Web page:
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I started with a high angle and gradually shaved off degrees so that I could check both the standing and sitting viewing angles. The angle in the photos is final result for the lower tier.

I also realized that I wanted at least 10mm of space between the lower tier machine and the table top to pass cables under the stand.

This is to accommodate a possible third machine placed directly on the table top in front of the stand. Other important lessons include the space needed for the cables attached to the back of the lower tier machine, and making sure that the upper tier does not cover the controls of the lower tier.

Elektron Side Cheeks / Panels Part 1

I bought a Analog Four synth from Elektron back in January and I have to say that the more time I spend with it the more impressed I get. It’s true that the workflow can be a bit difficult to get used to, there is definitely a learning curve, but once you get the hang of it it’s actually very fast and intuitive.

I’ve also been lusting for a drum synthesizer / beat box for a long time, and I was almost entirely set on a DSI Tempest, but I have to say that the workflow of the Elektron machines is so good that lately I’ve also started considering a Machinedrum instead.

Regardless, I know I will want an Octatrack as well some day, so I started thinking about how to best place and support the Analog Four and which ever other (Octatrack or Machinedrum) I by next.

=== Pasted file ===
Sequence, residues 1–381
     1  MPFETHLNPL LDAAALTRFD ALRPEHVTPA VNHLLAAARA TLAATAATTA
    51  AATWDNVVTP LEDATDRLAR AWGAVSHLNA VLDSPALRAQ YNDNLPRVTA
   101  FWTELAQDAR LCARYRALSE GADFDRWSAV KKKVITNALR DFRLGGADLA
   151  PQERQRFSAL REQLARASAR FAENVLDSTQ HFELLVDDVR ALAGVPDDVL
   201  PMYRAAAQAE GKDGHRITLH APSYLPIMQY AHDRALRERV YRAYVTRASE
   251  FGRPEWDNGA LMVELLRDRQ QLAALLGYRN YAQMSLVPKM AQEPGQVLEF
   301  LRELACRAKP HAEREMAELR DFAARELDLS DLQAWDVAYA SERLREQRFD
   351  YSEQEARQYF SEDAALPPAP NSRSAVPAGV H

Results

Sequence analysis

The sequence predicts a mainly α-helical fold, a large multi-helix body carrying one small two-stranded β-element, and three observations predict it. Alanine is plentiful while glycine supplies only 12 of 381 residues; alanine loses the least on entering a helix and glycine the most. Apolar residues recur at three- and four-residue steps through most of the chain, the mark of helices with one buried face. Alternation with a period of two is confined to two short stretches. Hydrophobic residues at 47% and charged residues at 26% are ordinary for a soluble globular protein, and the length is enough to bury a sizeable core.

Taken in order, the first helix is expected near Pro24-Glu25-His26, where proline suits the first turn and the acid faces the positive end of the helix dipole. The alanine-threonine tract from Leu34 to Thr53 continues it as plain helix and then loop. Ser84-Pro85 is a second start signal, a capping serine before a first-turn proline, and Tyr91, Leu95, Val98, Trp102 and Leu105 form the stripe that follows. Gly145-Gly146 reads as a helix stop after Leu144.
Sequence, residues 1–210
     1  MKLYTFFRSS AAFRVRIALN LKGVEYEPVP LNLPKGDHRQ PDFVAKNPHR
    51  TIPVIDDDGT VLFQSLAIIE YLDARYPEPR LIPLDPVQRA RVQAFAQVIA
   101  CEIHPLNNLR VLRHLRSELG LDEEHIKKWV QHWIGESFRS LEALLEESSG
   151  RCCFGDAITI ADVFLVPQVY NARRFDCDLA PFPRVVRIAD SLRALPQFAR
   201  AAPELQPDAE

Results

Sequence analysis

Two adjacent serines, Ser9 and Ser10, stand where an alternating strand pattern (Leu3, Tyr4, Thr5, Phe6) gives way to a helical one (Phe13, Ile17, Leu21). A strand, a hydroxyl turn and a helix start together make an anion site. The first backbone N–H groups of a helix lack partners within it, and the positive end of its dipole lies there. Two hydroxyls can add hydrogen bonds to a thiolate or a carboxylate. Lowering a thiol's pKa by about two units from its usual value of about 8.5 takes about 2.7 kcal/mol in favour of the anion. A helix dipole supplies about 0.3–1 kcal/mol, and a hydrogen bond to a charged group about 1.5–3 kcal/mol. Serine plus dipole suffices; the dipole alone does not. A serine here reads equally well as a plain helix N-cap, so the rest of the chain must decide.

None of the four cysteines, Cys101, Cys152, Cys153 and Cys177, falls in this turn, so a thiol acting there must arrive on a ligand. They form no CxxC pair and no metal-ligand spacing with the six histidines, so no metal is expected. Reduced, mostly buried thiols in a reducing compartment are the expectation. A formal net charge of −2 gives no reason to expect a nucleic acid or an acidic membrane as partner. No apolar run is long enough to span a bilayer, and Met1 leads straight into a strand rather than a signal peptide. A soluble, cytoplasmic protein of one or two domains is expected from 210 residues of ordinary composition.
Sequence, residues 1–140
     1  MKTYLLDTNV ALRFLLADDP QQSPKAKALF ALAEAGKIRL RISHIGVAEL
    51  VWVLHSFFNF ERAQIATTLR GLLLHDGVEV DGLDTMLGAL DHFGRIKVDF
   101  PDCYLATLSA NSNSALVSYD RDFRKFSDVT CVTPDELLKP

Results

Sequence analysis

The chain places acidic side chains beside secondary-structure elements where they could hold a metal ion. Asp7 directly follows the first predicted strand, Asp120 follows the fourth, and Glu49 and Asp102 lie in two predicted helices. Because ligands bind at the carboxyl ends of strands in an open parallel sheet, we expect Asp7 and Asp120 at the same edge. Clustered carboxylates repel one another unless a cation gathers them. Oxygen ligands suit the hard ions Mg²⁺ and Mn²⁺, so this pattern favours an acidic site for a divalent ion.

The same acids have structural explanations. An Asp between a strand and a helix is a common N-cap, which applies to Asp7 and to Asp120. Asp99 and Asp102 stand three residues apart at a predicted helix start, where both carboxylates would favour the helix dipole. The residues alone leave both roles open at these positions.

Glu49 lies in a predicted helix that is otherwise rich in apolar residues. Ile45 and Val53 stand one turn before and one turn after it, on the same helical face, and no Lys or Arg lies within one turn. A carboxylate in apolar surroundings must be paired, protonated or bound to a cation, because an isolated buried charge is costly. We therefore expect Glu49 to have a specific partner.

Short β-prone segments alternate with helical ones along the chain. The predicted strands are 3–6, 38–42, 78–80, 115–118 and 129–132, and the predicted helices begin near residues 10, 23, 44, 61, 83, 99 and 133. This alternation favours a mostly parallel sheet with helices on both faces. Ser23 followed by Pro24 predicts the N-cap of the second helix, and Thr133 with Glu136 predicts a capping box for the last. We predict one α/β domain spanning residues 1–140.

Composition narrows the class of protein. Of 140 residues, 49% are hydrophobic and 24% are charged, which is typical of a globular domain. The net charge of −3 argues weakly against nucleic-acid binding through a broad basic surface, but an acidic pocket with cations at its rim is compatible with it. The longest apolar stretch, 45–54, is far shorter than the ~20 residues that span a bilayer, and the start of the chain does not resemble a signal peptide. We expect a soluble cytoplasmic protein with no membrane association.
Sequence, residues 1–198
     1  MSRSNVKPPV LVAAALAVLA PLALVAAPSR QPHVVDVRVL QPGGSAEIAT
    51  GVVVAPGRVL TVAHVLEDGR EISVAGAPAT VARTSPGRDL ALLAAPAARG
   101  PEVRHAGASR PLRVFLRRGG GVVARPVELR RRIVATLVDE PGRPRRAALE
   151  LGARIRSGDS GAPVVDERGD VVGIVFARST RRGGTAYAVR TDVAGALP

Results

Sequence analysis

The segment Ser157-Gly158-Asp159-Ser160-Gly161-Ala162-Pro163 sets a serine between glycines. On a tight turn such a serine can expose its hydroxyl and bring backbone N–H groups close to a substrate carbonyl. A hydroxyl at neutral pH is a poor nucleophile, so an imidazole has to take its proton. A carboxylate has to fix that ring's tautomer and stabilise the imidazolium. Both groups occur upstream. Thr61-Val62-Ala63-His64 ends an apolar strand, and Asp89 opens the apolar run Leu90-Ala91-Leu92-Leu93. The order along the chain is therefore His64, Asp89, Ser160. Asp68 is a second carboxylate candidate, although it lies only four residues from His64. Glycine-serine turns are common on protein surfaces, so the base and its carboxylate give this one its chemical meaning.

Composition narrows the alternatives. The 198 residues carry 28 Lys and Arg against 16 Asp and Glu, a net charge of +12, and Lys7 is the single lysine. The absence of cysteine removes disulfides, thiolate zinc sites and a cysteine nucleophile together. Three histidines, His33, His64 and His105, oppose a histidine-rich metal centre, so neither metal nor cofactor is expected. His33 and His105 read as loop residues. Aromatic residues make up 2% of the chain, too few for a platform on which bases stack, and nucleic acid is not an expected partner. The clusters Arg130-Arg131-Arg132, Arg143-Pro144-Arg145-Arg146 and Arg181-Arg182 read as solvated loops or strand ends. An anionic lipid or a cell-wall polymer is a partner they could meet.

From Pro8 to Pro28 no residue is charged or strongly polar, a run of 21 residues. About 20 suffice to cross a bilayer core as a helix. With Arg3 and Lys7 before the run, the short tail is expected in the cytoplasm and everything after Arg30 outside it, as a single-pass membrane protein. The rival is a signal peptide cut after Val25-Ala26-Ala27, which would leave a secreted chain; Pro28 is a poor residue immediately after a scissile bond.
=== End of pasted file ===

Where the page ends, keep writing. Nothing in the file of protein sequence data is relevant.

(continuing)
Looking around the web a lot of people are designing and building their own mini-racks or side panels to stack two or more Elektron machines. While some of them look good and ergonomic, I figured it would be really fun to try and come up with a design / material that would both look great and have excellent ergonomics fit for my own personal workflow. Ideally it should support both a standing and sitting position with great viewing angles, be sturdy enough to not topple over while playing live, and be transportable.

Since I’m currently in Japan I started looking around for someone with the right tools and materials for the job and I’ve met with a great furniture designer with whom I’ve started working on a design for a 2-tier wooden solution.

I will keep you posted on the progress. :)

Pelican cases are amazing!

’nuff said.

Really though, I’m currently in Japan and for the trip I brought the portable setup described below. I checked in the pelican case at the airline counter thinking that it’s content should be well protected by the hard case and the inline foam.

When I picked it up again at the baggage claim in Tokyo there were some serious dents in the case. One of the corners had been shaved down by about 3mm and there were some deep indentations in the protective risings on the lid.

At first I was worried that it might have fallen from some high up place, like the top of a stack of suitcases on a carrier truck, but then again this is exactly the kind of scenario I was imagining when I decided to go with a pelican case.

Once I arrived at the place we are staying I got all the gear set up and connected and it turns out that nothing was damaged and everything sounds and works just fine. I have to say I’m impressed with the fantastic quality of the case and I highly recommend it to anyone planning on traveling with sensitive musical instruments.